To generations raised on books such as Nancy Friday's "My Mother / My Self: The Daughter's Search for Identity," the annual mother-daughter look-alike contest in Fort Myers, Fla., may be the stuff of nightmares. But not for everybody. As many as 80 united pairs of estrogen enter every year, hoping to win the grand-prize cruise...
To generations raised on books such as Nancy Friday’s “My Mother / My Self: The Daughter’s Search for Identity,” the annual mother-daughter look-alike contest in Fort Myers, Fla., may be the stuff of nightmares.
But not for everybody.
As many as 80 united pairs of estrogen enter every year, hoping to win the grand-prize cruise to the Bahamas or a $100 shopping spree.
Connie Salamone and Gina Kane entered the contest for the first time in 2006, but didn’t place.
- Pursuit of big-money contract comes at a cost for Seahawks QB Russell Wilson
- Whitest big county in the U.S.? It’s us
- Ticket prices soar, then drop for World Cup
- As Puget Sound sweats, few air conditioners are cooling us down
- Kent family mourns loss of father, two sons in Father’s Day weekend crash
Most Read Stories
They tried again last year. “We decided after the first time to step up our game,” says Salamone, 65, of Estero, Fla.
Last May they wore denim shirts, khaki skirts and “silly straw hats,” Kane says.
They came back to their homes — three miles from each other — empty-handed again. But as often as people comment, they know they could have been contenders.
“When we’re out, people always say we look alike. Of course I’m thrilled. I don’t know if she’s thrilled about it,” Salamone says, laughing.
“People say we sound alike, too,” says Kane, 46. “That’s annoying, actually.”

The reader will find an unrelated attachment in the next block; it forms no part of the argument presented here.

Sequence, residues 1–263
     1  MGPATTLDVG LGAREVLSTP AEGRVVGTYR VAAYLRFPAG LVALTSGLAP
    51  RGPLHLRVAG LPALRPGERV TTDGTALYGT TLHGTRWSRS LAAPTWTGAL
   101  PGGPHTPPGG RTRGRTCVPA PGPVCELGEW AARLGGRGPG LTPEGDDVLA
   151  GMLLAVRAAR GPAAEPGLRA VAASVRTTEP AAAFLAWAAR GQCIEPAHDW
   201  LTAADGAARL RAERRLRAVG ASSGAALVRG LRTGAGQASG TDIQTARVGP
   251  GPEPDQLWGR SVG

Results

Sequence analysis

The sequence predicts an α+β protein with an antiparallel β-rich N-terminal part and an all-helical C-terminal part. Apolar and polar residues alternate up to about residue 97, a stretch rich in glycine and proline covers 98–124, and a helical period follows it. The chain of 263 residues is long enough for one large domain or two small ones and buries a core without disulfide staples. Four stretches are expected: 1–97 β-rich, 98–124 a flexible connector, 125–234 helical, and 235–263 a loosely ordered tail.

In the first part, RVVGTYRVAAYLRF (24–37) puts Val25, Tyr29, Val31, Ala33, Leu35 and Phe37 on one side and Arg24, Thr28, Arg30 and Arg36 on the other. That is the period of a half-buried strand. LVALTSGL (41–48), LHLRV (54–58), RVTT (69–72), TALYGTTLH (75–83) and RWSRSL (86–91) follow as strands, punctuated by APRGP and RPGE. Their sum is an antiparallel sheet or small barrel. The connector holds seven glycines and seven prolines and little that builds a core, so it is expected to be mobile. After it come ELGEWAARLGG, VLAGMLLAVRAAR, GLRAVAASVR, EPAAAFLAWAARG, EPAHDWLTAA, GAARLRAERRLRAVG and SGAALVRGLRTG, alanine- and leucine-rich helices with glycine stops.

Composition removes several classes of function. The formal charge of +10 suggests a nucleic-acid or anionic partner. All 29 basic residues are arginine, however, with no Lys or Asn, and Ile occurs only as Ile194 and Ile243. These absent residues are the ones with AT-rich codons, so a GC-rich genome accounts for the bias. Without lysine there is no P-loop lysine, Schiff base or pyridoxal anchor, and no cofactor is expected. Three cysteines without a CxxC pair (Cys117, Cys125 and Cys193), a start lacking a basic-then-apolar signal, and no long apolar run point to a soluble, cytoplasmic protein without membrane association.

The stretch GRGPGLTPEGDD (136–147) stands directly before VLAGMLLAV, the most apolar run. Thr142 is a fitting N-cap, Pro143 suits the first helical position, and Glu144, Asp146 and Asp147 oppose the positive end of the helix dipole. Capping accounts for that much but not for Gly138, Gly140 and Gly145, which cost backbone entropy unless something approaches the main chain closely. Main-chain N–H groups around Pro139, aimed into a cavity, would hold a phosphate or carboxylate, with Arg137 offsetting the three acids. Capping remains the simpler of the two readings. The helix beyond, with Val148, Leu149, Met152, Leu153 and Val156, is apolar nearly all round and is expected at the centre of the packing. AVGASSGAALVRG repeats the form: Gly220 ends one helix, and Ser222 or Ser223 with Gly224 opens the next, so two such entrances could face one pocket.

Like any teen or young adult, Kane tried to look and be different from her mother for years.
“When I was a teenager, I don’t think I realized I looked so much like her,” she says.
“When she was younger and I was younger, everyone thought she was the hottest thing around. Which wasn’t too bad, except when my boyfriends tried to hit on her.
“She thought that was funny.”
Maybe it’s the insight born of becoming a psychotherapist that caused Kane to realize that no matter how hard she tried, there’s no fighting mother’s nature.
“We still look alike and sound alike and dress alike,” she says.
The similarities are often more than superficial.
“We might be sitting somewhere and someone will say something funny, and we both laugh and we laugh alike — we both sound like seals — so then we laugh even louder just hearing each other,” Kane says.
Fran Sobon and Lucy Bonsanto-Wilson of Cape Coral, Fla., finished second in the 2006 contest.
“One of the judges told us the only reason we lost was because we didn’t have matching shoes on,” says Sobon, 62.
“We’ll go out shopping and people will say, ‘Is that your sister?’ I love it. I’ll say, ‘How much (money) do you need?’ “
Of Sobon’s two sons and daughter, it’s Bonsanto-Wilson, 38, who’s most like her.
“I tell you, she’s like a mold of her mother. She was always like my shadow,” Sobon says. “If I get my hair cut, she does the same.”
Sobon and Bonsanto-Wilson mostly shop for clothes together, but if they don’t, they buy most things in twos.
Like Salamone and Kane, the similarities go beyond their sense of style.
“I could finish her sentences for her,” Bonsanto-Wilson says. “It’s funny, when you grow up you think, ‘God, I don’t want to grow up and be like my mother, and then you do!’
“We gesture the same. The way we walk is the same, the way we speak. We’re both very friendly and have outgoing personalities. …
“It’s weird. We even go up and down in our weight the same. When I’m thinner, she’s thinner. When I’m fatter, she’s fatter. And it’s not from dieting or anything, it just happens.”